“Almost all prominent people know someone” who can get them through the system fast and out of turn, Josei Jishin hears from a doctor. Favoritism aside, in the rush to get as many patients as possible vaccinated, identity checks tend to be perfunctory. A non-priority medical student, for example, might pose as a priority medical staffer, and get away with it.

“The system is full of holes,” says yet another of Josei Jishin’s medical sources. Here arises another question of priority. If plugging the holes means slowing the pace of vaccination, should moral lapses be thwarted, or winked at?

© Japan Today

©2021 GPlusMedia Inc.

24 Comments
Login to comment

No problem with this. It's how the world works. And if the vaccine were going to be wasted, there is no harm.

6 ( +18 / -12 )

It's easy to get vaccinated in Japan – if you have 'connections'

It's easy to do anything if you have connections. Networking should be taught at elementary school for its social, economic, technological and political multiplier benefits.

12 ( +16 / -4 )

The title makes it seem more nefarious, but in reality the doctor is not wasting a shot of the vaccine. Should he have tried to contact another elderly patient, sure, but if it ensures more people vaccinated, I'm not going to lose sleep over it.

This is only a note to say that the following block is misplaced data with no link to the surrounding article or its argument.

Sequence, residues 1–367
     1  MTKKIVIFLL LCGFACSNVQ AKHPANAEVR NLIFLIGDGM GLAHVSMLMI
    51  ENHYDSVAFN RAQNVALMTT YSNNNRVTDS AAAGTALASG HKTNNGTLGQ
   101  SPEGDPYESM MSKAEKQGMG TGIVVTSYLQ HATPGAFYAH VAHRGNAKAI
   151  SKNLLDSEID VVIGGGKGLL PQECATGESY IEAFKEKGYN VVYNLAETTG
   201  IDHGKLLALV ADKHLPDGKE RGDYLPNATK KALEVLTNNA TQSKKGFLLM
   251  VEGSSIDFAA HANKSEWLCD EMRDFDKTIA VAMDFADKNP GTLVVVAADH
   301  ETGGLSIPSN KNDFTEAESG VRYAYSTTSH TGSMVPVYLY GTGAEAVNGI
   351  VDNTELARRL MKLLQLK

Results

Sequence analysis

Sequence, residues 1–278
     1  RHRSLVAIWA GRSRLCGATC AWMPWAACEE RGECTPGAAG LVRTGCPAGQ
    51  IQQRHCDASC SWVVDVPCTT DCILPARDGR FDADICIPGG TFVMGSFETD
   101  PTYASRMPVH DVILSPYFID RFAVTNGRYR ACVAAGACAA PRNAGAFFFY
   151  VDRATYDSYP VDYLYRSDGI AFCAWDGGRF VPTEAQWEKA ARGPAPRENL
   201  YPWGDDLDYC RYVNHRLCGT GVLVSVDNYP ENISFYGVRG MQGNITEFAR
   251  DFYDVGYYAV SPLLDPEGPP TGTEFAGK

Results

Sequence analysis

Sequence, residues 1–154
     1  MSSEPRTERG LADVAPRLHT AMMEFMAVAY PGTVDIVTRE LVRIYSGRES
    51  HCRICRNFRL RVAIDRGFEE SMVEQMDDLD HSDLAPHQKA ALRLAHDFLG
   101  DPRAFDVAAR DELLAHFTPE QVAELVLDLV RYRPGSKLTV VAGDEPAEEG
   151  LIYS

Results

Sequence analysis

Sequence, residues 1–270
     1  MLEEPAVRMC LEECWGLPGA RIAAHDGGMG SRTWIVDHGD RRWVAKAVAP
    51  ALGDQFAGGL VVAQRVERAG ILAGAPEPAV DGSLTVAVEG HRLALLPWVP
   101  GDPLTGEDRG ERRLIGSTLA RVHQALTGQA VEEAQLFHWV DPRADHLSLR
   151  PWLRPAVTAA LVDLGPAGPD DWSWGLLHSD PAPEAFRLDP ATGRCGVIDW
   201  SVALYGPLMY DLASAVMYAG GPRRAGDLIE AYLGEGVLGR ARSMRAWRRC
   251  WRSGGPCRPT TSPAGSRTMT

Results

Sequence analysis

I was expecting to read about how many Yakuza, or others have stolen vaccines and were selling them on the black market or something like that.

11 ( +16 / -5 )

Works for me. The faster these people with “connections” get theirs, the faster my family and I can get ours.

Worlds better than NO ONE getting it, or clinics just throwing out doses because of stupidity.

just hurry up and vax these people with “connections” so is regular folk can get them.

9 ( +14 / -5 )

If the alternative is the vaccine going to waste, then sure, give it to your friend.

Trying to do everything perfectly has been paralyzing the Japanese rollout of the vaccine. At some point they just have to take action. I realize this goes against the perfectionist impulse that it often prevalent in Japanese culture, but this situation calls for an urgent response.

10 ( +13 / -3 )

I agree with most here. That is how the world works and i find the comments more mature than the article.

most of us would use the right connections if we could and at several times in life, we do

0 ( +3 / -3 )

What a non-story.......

-1 ( +2 / -3 )

No problem with this. It's how the world works. That is how the world works and i find the comments more mature than the article.